Abdominal Aortic Aneurysm (AAA)
What is an abdominal aortic aneurysm?
The aorta, the largest artery in the body, is a blood vessel that carries oxygenated blood away from the heart. It originates just after the aortic valve connected to the left side of the heart and extends through the entire chest and abdomen. The portion of the aorta that lies deep inside the abdomen, right in front of the spine is called the abdominal aorta.
Over time, artery walls may become weak and widen, an analogy would be what can happen to an aging garden hose. The pressure of blood pumping through the aorta may then cause this weak area to bulge outward, like a balloon (called an aneurysm). An abdominal aortic aneurysm (AAA, or “triple A”) occurs when this type of vessel weakening happens in the portion of the aorta that runs through the abdomen.
The majority of AAAs are the result of atherosclerosis, a chronic degenerative disease of the artery wall, in which fat, cholesterol, and other substances build up in the walls of arteries and form soft or hard deposits called plaques.
Abdominal aortic aneurysms typically develop slowly over a period of many years and hardly ever cause any noticeable symptoms. Occasionally, especially in thin patients, a pulsating sensation in the abdomen may be felt. The larger an aneurysm grows, the greater the chance it will burst, or rupture.
If an aneurysm expands rapidly, tears, or leaks, the following symptoms may develop suddenly:
- intense and persistent abdominal or back pain that may radiate to the buttocks and legs
- sweating and clamminess
- nausea and vomiting
- rapid heart rate
- shortness of breath
- low blood pressure.
Major risk factors for a AAA include family history, smoking and longstanding high blood pressure. According to the Centers for Disease Control and Prevention (CDC), men who have a history of smoking should receive a one-time screening for triple A between the ages of 65 and 75. Men with a family history of AAA should be screened at age 60.
How is an abdominal aortic aneurysm evaluated?
Many abdominal aortic aneurysms are incidentally found on ultrasound examinations, x-rays or CT scans. The patient is often being examined for an unrelated reason. In other patients who experience symptoms and seek medical attention, a physician may be able to feel a pulsating aorta or hear abnormal sounds in the abdomen with the stethoscope.
To confirm the presence of an abdominal aortic aneurysm, a physician may order imaging tests including:
- Abdominal Ultrasound (US): Ultrasound is a highly accurate way to measure the size of an aneurysm. A physician may also use a special technique called Doppler ultrasound to examine blood flow through the aorta. Occasionally the aorta may not be completely seen due to overlying bowel which blocks the view of ultrasound or in very large patients.
- Abdominal and pelvic computed tomography (CT): This exam is highly accurate in determining the size and extent of an aneurysm. See the Safety page (www.RadiologyInfo.org/en/safety/index.cfm?pg=sfty_xray) for more information about CT.
- Angiography: This exam, which uses x-rays, CT or MRI and a contrast material to produce pictures of major blood vessels throughout the body, is used to help identify abnormalities such as abdominal aortic aneurysms.
How is an abdominal aortic aneurysm treated?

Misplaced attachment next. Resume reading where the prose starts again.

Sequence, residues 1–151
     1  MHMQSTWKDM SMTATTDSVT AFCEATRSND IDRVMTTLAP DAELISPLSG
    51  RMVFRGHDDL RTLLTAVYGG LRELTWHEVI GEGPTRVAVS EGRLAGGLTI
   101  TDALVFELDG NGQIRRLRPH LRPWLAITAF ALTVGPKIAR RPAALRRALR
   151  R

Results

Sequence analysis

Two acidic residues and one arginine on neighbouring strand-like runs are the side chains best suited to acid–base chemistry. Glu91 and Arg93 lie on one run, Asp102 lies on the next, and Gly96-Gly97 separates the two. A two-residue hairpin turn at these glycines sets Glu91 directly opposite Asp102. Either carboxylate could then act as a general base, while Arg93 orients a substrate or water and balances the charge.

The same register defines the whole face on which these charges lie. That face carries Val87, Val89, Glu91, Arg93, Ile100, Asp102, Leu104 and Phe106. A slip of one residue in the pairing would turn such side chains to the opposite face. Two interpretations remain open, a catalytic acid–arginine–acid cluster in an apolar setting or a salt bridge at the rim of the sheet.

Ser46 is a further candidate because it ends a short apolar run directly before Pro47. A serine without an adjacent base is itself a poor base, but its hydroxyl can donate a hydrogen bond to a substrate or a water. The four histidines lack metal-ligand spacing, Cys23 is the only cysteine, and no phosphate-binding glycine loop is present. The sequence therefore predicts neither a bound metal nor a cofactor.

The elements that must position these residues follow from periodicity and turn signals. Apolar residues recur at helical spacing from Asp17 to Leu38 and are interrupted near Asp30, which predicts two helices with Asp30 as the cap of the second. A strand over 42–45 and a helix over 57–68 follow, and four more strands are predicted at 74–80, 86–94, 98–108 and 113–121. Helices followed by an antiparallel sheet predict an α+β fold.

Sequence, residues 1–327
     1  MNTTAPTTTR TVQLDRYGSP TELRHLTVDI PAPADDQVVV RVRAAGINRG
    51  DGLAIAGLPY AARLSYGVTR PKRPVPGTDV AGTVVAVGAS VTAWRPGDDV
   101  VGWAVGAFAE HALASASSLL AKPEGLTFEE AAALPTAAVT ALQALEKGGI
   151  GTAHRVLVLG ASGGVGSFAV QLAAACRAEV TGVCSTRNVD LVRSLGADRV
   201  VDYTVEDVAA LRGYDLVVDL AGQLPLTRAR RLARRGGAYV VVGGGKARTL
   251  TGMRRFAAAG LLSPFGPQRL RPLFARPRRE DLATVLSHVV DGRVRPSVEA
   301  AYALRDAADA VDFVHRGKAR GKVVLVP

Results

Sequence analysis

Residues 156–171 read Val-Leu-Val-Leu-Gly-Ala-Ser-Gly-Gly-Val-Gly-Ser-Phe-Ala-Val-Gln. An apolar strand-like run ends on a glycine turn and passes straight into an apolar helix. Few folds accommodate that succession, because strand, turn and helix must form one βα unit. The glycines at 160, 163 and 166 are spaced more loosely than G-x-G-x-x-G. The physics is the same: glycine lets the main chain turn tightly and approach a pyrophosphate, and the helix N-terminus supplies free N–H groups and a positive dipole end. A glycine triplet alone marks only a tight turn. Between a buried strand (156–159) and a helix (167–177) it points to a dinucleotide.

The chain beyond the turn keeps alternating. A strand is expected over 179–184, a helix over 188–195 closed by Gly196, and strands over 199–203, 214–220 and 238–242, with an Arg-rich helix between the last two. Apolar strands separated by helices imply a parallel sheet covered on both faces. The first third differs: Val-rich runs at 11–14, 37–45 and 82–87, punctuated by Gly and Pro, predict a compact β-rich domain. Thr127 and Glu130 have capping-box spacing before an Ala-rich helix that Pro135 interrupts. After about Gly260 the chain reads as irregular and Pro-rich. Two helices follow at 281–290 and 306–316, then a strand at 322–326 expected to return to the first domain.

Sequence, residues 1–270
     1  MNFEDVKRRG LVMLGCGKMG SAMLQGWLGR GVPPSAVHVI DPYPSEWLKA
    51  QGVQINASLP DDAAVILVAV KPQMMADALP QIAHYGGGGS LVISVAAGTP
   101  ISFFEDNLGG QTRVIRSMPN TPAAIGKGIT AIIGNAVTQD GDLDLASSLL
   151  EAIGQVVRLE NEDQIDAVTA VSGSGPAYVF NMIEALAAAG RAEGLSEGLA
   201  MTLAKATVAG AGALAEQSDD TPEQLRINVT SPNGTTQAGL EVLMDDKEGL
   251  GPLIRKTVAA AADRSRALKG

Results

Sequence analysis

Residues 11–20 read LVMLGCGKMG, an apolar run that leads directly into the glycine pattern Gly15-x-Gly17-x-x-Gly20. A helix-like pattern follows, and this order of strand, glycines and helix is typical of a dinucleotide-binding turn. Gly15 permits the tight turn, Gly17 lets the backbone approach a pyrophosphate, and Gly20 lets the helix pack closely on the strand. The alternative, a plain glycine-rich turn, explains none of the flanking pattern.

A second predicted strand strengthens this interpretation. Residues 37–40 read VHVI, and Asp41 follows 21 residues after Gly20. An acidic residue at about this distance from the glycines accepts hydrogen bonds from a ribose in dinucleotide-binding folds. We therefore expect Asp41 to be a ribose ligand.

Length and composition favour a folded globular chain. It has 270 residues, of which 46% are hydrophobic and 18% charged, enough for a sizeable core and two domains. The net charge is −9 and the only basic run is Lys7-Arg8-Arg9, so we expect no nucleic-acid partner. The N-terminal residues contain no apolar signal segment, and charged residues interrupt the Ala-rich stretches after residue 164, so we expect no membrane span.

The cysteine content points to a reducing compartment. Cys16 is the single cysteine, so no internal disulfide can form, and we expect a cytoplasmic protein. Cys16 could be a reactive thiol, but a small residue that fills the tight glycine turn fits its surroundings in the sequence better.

Treatment depends on a variety of factors, including size and location of the aneurysm within the abdominal aorta and the patient’s age, kidney function and other conditions.
Patients with aneurysms that are smaller than five centimeters in diameter are typically monitored with ultrasound or CT scans every six to 12 months and may be advised to:
- quit smoking
- control high blood pressure
- lower cholesterol.
Surgical treatment may be recommended for patients who have aneurysms that are:
- larger than 5 centimeters (two inches) in diameter
- quickly growing
There are two treatment options:
- Traditional (open) surgical repair: In this type of surgery, an incision is made in the abdomen and the damaged part of the aorta is removed and replaced with a synthetic tube called a stent graft, which is sewn into place.
- Endovascular surgery: In this procedure, which is less invasive than an open repair, the stent graft is attached to the end of a thin plastic tube called a catheter, inserted through an artery in the leg and maneuvered up into the abdomen, where it is positioned inside the aneurysm and fastened in place with small hooks.
Locate an ACR-accredited provider: To locate a medical imaging or radiation oncology provider in your community, you can search the ACR-accredited facilities database.
This website does not provide costs for exams. The costs for specific medical imaging tests and treatments vary widely across geographic regions. Many—but not all—imaging procedures are covered by insurance. Discuss the fees associated with your medical imaging procedure with your doctor and/or the medical facility staff to get a better understanding of the portions covered by insurance and the possible charges that you will incur.
Web page review process: This Web page is reviewed regularly by a physician with expertise in the medical area presented and is further reviewed by committees from the American College of Radiology (ACR) and the Radiological Society of North America (RSNA), comprising physicians with expertise in several radiologic areas.
Outside links: For the convenience of our users, RadiologyInfo.org provides links to relevant websites. RadiologyInfo.org, ACR and RSNA are not responsible for the content contained on the web pages found at these links.
This page was reviewed on December 10, 2012